Surgery of any type, however, is not suitable for all patients. In particular, women with significant comorbidities may not be good surgical candidates. Moreover, some otherwise healthy SUI patients may find unacceptable the associated risks, pain, and recovery time, with no exertional activities, lifting more than 5 to 10 pounds, and sexual activity for 6 weeks, and choose to forgo surgery, despite continuing SUI symptoms.

As an alternative to surgery, minimally invasive nonsurgical procedures for the management of SUI have become available. These include transurethral radiofrequency collagen denaturation, which is indicated only for patients with SUI due to urethral hypermobility, and the injection of bulking agents, which is indicated only for patients with SUI due to ISD. Results from shorter-term, randomized clinical trials have demonstrated efficacy with these therapies (versus no treatment or baseline) [17, 18]. Both types of procedure appear to be generally well tolerated [17, 19] in the respective patient populations, and neither appears to limit the possibility of later surgery. In light of their growing use, it is necessary to determine how each of these options compares with established conservative approaches with regard to long-term durability of benefit.

This paper aims to evaluate available evidence concerning long-term (12 months or longer) efficacy of minimally invasive treatments for female SUI. To establish a baseline for comparison, long-term results with pelvic floor rehabilitation and pharmacotherapy were also included. The literature was searched to identify prospective clinical trials conducted in women with SUI with a minimum study duration of 12 months.

2. Methods

2.1. Literature Search Strategies

PubMed searches were conducted in January 2010 and were limited to papers on clinical or randomized controlled trials conducted in humans and published in the English language. Patient populations were limited to adult females. No restrictions with regard to the country of publication were applied to any search, nor were publication dates limited to any specific time periods. The primary terms used in all searches were “urinary incontinence OR urinary stress incontinence OR urinary incontinence, stress.” These terms were combined with specific additional terms in boolean searches to locate articles on conservative therapies, pharmacotherapy, transurethral radiofrequency collagen denaturation, and bulking agents used for treatment of SUI.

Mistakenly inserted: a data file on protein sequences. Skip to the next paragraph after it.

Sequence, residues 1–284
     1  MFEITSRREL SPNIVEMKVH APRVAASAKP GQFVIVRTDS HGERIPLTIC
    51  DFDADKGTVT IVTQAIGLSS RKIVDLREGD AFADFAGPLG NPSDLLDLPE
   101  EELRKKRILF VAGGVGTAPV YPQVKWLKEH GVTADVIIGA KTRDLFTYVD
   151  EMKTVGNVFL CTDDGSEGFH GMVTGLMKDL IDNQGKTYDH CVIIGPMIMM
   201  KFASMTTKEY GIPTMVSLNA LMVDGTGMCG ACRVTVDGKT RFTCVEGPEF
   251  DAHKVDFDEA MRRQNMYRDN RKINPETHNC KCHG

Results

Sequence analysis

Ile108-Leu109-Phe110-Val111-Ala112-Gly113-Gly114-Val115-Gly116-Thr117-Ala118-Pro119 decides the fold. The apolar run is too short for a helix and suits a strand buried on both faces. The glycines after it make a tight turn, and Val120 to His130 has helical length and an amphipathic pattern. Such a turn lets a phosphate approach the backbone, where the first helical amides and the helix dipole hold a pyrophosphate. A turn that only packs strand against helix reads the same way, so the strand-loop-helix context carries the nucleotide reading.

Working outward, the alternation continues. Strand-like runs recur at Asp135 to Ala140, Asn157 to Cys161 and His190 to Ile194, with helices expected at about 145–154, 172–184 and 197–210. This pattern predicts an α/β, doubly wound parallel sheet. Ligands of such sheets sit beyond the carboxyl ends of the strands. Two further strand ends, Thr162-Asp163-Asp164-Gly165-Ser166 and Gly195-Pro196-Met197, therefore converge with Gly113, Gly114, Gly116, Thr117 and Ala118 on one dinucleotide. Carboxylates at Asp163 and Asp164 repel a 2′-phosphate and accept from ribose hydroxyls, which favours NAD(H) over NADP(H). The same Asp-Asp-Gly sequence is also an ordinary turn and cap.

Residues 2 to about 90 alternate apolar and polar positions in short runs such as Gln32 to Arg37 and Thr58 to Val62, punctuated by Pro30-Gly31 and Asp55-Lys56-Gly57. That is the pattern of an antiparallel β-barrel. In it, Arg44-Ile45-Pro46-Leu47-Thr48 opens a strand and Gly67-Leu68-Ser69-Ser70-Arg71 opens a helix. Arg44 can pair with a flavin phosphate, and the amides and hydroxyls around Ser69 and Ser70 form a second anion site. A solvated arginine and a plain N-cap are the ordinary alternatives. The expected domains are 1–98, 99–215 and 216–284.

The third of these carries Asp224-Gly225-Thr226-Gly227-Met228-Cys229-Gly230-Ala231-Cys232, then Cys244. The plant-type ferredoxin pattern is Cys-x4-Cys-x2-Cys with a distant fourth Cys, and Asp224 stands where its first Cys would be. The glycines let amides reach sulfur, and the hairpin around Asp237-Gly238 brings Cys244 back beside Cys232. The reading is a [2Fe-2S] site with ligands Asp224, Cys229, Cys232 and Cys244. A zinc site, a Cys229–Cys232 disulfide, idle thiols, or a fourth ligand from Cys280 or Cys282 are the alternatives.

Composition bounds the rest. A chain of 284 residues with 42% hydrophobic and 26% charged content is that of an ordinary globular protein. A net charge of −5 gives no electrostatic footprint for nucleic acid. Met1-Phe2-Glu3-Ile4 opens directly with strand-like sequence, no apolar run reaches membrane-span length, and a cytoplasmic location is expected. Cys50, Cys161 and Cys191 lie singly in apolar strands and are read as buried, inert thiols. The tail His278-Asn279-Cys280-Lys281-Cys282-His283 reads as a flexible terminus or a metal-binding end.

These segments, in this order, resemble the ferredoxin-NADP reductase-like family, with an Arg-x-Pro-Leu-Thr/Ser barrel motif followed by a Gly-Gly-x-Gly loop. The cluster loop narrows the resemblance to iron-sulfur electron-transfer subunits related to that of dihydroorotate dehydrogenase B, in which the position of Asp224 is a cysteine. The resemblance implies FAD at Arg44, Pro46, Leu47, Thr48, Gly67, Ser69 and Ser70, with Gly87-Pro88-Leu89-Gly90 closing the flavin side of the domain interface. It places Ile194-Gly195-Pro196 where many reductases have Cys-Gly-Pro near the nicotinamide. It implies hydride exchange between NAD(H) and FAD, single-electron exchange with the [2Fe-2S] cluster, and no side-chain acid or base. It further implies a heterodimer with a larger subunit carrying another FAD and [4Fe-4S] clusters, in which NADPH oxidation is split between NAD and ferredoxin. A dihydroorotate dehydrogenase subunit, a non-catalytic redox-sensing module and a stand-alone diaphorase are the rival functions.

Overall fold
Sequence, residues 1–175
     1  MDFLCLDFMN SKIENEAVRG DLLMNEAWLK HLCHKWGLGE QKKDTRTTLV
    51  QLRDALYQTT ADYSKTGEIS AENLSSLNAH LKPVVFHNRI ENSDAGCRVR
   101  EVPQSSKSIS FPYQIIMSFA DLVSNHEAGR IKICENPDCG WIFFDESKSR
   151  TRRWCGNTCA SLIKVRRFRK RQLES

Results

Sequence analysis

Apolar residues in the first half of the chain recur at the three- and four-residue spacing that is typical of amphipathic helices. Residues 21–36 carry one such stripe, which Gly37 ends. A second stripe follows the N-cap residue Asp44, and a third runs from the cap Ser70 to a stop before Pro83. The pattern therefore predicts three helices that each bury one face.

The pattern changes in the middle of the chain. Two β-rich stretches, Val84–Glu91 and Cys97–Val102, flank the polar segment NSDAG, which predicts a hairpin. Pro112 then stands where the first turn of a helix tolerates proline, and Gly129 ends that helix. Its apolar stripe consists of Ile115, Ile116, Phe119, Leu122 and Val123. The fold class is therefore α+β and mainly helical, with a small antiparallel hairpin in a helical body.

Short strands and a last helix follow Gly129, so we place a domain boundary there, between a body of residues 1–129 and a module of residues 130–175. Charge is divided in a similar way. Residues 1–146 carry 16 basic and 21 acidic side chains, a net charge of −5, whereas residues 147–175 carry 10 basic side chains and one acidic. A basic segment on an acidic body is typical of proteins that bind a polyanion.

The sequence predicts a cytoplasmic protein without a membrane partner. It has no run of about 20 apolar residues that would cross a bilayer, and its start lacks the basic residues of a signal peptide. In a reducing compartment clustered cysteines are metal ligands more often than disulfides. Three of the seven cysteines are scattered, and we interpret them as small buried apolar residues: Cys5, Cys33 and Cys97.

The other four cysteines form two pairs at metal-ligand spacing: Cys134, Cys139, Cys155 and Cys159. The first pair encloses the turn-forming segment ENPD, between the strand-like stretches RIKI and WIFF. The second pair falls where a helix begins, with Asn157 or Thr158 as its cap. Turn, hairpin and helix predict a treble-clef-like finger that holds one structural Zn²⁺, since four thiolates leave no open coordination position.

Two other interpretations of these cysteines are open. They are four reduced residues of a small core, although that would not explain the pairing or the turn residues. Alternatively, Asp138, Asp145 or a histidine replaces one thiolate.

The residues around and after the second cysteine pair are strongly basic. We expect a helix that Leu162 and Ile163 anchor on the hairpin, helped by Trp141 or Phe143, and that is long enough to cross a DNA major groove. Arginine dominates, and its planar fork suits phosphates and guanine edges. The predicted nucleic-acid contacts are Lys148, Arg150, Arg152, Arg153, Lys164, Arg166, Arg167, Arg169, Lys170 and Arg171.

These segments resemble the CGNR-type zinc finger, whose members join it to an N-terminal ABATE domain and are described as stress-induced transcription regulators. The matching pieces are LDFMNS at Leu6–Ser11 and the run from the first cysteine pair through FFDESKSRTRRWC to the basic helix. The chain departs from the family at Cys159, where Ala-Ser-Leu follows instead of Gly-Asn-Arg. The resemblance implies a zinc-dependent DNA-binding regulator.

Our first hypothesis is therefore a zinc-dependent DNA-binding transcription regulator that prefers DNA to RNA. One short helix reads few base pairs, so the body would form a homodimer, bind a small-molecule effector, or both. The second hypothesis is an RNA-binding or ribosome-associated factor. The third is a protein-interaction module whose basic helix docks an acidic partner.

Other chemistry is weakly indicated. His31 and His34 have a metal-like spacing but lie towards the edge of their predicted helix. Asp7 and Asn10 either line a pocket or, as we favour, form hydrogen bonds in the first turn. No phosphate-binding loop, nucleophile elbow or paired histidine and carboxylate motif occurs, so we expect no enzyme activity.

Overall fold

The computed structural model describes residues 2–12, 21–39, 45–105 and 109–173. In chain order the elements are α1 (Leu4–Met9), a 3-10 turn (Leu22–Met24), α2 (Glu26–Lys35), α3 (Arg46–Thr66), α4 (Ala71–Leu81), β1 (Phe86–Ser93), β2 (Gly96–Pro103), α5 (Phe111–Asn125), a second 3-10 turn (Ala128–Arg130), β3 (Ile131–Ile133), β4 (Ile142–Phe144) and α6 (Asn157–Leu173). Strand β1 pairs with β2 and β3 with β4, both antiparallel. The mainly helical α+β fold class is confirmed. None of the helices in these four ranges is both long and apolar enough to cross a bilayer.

To identify articles on studies of pelvic floor rehabilitation, secondary terms used in the boolean search included “physiotherapy OR pelvic floor muscle training OR Kegel OR muscle OR electrical stimulation OR pessaries OR pessary OR biofeedback OR biostimulation OR cone OR vaginal cone OR physical therapy modalities OR rehabilitation.” The only secondary term used to search for articles on pharmacotherapy was “duloxetine,” as that is the only medication formally approved in some countries for treatment of SUI. For identifying publications on transurethral radiofrequency collagen denaturation, the secondary terms “Renessa OR radiofrequency OR radiofrequency collagen denaturation OR radiofrequency micro-remodeling OR electromagnetic fields” were used. Searches to identify trials of bulking agents were limited to products approved by the Food and Drug Administration for treatment of SUI. Secondary search terms were “injection OR collagen OR biocompatible materials OR bulking agents OR Contigen OR Durasphere OR Uryx OR Coaptite OR Macroplastique.”

2.1.1. Supplemental Searches

An additional search of PubMed to identify potential articles was conducted using the secondary terms “systematic review OR meta-analysis.” A search of the Cochrane Library was also conducted. The full-text versions of all relevant articles were obtained, and the bibliographies were manually reviewed for additional eligible study reports.

2.2. Eligibility Criteria and Study Selection